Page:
Images of Asia from Space
Valley of the Brahmaputra River, extreme Northeast India (low-oblique photograph
from NASA, edited, November 1990). This image shows the physiographic
relationship of the eastern Himalaya Mountains to one of the wettest river
basins on the Planet. Known as the Dihang River where it cuts through the
eastern Himalayas, creating great gorges, numerous tributary streams, and
alluvial fans, the deeply incised Brahmaputra River is highlighted as these
channels break through the geologically young, uplifted folds of the Himalayas
just north of Sadiya, India. The summer monsoons that India and Bangladesh
depend on for most of their annual precipitation largely determines the quantity
of water that will be transported through the Assam Valley of northeastern
India, which receives rainfall amounts in excess of 500 centimeters annually.
Hijaz Mountains and Nafud Desert, Saudi Arabia. The
dissected Hijaz Mountains and the northwestern portion the Nafud Desert of Saudi
Arabia are visible in this high-oblique, northwest-looking photograph. The
barren Hijaz were formed by the uplifting of the eastern flank of the Great Rift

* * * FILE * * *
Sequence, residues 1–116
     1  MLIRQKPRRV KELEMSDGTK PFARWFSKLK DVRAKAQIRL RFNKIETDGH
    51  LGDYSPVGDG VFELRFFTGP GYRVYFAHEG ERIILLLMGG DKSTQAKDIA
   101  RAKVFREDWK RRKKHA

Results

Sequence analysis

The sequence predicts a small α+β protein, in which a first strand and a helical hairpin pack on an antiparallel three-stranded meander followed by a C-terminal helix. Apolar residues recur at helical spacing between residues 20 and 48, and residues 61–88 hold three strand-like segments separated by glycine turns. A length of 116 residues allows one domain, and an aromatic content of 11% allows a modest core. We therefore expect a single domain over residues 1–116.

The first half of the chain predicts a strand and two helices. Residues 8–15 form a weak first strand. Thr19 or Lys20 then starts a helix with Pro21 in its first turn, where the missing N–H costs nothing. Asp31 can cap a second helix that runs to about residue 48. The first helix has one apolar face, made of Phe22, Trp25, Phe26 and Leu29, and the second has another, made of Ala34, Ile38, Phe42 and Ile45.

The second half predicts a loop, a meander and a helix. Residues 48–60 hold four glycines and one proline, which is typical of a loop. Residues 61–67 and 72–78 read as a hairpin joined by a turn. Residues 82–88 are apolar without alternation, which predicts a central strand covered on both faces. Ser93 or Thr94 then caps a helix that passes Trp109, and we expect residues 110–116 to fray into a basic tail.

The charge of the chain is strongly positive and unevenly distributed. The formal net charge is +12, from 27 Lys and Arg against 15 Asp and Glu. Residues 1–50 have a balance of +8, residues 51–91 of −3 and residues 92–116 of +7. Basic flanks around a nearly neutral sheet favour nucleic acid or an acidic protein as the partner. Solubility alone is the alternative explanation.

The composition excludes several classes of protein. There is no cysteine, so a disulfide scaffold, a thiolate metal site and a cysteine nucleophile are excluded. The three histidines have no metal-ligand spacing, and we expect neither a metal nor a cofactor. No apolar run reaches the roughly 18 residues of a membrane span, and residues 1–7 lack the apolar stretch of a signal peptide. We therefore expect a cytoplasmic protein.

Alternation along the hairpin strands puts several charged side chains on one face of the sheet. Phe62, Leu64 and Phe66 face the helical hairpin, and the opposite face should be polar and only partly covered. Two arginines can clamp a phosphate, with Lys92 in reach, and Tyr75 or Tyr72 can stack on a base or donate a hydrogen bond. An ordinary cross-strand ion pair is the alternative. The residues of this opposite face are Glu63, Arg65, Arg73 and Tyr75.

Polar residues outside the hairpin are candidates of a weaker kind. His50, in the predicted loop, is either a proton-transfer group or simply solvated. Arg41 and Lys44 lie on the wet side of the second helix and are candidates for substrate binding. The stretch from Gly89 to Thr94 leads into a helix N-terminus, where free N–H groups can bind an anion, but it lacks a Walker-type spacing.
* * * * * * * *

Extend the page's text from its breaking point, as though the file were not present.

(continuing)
Valley that runs through the basin of the Red Sea (west of the range). The
narrow coastal plain between the mountains and the sea is extremely desolate.
East of the mountains are the orange sands of the Nafud Desert, known for its
sudden violent winds that have formed many great crescent-shaped dunes (barely
discernible near the north center of the photograph). The desert, occupying a
great oval depression, is surrounded by sandstone outcrops that have been eroded
into grotesque shapes by these strong winds. Rainfall occurs once or twice
yearly in the region. Near the south and southeastern portions of the
photograph, dark lava flows from ancient volcanoes stand out. Near the horizon
are the Gulf of Suez, the Sinai Peninsula, the Gulf of Aqaba, the eastern
Mediterranean Sea, and the western half of the Syrian Desert (NASA - June 1991).
The Mediterranean Sea and central Turkey dominates this north-looking panorama
Eruption of Klyuchevskaya volcano, in 1994, in Kamchatka Peninsula, Siberia,
Russia. Both lava and ash explosions occurred during this eruption.
Klyuchevskaya Volcano is reported to be Kamchatka’s highest (4750 m) and most
active volcano (NASA).
Images of the Planet.